If you get overwhelmed in the supplement aisle, we’re here to help you navigate what may be best for a memory boost.
Taking 162 milligrams is associated with a 40 percent decrease in arterial aging (a major cause of memory loss). Though science isn’t sure of the mechanism against memory loss, it can be because aspirin helps decrease the gunky beta-amyloid from your wiring and because it improves circulation.
Vitamins B6, B12, folic acid
Without B vitamins, your neurotransmitters wouldn’t work efficiently. Also, your homocysteine levels would rise, which doubles the risk of Alzheimer’s. Although no study has demonstrated a benefit of supplementation to your thinking process, the products are generally safe. You can try 400 micrograms of folic acid, 800 micrograms of B12 and 40 milligrams of B6 daily.
Rosemary, roses and mint
Not to ingest, but to smell. Inhaling these aromas at the time of learning a new task can enhance recall when you’re exposed to the scent at a later time.
Other things you may want to try, but only if you want to! (AKA: read the fine print.)
There aren’t large studies to support its use, but there’s promise that this supplement’s effective in improving cognition. It can also thin the blood, which can be helpful if you have blood vessel disease, but dangerous if you have clotting disorders or will have surgery. Docs say it’s a safe antioxidant supplement to try 120 milligrams daily for positive effects.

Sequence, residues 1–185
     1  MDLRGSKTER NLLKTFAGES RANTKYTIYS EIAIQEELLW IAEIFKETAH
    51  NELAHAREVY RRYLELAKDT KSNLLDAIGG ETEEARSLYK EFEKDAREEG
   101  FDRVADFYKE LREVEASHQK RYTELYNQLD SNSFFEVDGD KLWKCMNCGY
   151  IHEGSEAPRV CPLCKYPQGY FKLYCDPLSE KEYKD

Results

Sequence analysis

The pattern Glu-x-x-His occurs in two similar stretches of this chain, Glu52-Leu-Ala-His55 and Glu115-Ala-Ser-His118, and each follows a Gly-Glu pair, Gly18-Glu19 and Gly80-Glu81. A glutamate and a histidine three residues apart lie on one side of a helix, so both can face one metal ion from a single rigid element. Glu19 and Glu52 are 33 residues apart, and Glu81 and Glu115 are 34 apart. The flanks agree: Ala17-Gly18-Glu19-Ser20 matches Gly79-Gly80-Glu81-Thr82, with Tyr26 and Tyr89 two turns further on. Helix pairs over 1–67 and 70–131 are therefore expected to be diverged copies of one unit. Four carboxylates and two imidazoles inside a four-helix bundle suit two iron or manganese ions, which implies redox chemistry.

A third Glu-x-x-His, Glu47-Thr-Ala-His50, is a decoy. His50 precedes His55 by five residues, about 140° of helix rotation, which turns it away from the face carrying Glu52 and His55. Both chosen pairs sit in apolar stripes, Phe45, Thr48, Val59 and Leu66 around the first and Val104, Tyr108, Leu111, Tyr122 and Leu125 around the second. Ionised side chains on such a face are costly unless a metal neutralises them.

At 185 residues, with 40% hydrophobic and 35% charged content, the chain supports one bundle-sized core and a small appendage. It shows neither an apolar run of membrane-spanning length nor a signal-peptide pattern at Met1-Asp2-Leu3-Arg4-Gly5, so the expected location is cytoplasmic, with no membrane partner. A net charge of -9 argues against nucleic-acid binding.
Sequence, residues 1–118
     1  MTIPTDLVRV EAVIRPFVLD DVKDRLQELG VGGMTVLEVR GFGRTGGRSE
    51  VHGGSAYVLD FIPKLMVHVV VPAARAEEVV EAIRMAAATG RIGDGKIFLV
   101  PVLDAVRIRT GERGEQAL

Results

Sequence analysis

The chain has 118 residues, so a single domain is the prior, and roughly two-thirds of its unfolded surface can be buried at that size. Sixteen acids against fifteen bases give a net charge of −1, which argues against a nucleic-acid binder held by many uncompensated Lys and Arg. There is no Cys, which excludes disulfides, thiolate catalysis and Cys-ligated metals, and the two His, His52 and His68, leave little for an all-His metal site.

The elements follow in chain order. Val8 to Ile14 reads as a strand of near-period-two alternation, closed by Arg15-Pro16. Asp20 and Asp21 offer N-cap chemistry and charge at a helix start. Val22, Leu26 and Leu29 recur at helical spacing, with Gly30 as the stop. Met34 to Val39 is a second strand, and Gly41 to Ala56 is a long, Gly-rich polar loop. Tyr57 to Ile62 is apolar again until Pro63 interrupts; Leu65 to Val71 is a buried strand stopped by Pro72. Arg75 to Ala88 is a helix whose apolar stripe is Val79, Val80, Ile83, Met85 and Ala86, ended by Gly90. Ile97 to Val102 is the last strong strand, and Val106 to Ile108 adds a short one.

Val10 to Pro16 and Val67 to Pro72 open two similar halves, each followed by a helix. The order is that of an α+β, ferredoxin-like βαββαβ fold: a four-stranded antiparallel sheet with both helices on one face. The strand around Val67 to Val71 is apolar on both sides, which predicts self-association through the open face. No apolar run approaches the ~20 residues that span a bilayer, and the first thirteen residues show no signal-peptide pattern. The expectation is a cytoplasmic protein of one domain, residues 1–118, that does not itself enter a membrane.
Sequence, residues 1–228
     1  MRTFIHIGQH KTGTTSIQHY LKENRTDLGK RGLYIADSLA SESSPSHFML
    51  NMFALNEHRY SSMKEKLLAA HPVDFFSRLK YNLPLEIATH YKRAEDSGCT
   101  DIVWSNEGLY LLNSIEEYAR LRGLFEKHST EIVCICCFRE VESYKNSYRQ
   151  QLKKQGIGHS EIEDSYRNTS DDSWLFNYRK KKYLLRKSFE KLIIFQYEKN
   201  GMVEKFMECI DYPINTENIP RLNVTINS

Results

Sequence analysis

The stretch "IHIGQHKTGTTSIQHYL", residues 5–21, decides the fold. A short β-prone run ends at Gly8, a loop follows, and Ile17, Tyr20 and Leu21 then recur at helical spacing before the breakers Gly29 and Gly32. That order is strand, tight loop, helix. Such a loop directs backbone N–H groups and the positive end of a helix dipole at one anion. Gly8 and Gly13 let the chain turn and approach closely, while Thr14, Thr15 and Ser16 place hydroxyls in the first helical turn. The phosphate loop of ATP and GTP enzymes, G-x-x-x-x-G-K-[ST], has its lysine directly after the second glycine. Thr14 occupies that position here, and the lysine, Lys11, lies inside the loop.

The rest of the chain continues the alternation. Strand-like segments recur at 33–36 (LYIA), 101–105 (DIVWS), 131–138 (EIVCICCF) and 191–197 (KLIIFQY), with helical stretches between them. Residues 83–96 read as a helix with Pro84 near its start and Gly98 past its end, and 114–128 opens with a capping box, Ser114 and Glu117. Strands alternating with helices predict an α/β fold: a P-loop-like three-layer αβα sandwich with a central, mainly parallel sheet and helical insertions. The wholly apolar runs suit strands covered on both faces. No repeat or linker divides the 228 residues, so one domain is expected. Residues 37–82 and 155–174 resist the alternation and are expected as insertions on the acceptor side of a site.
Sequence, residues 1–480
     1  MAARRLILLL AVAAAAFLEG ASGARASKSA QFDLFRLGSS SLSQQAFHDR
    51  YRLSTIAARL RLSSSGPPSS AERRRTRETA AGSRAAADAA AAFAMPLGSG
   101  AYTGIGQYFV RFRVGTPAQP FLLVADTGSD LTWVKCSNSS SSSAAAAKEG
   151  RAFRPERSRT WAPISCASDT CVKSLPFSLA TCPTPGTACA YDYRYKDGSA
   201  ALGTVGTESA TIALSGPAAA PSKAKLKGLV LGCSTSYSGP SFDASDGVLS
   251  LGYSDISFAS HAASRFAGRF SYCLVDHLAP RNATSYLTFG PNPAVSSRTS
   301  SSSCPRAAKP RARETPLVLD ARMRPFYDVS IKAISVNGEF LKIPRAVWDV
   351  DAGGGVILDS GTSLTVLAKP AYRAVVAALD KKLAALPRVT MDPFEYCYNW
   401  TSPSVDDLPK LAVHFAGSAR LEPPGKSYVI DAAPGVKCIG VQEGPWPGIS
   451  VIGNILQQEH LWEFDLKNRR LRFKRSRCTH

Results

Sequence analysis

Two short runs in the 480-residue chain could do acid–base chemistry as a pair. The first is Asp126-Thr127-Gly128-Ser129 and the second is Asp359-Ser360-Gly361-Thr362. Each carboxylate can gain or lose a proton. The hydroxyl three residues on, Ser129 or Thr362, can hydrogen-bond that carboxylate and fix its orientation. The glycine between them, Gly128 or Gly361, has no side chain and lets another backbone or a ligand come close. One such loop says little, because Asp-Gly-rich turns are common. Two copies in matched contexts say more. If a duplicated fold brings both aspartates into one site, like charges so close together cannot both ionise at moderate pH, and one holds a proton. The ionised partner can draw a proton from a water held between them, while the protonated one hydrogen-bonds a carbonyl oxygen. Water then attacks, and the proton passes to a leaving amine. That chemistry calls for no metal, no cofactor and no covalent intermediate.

About 70 percent of our cell membranes are made from this. As we age, the level drops and membranes become brittle. This supplement seems to strengthen cell membranes and the phospholipid sheathing around nerves. This protects the cables that transfer info from shorting out. There are few risks to taking 200 milligrams daily of this supplement.
This supplement has a beneficial effect in protecting against Parkinson’s, which viruses, genetics or traumas can cause. As a potent antioxidant, it may help prevent inflammatory damage to the brain. However, this remains unproven. The ideal dose? One hundred milligrams twice daily (or even more for Parkinson’s). This is one supplement where more than 90 percent of what’s sold doesn’t contain the real thing! Look for products that have actually been shown repeatedly to have in the bottle what’s on the label. You can check to see if it contains what’s on the label at consumerlab.com.
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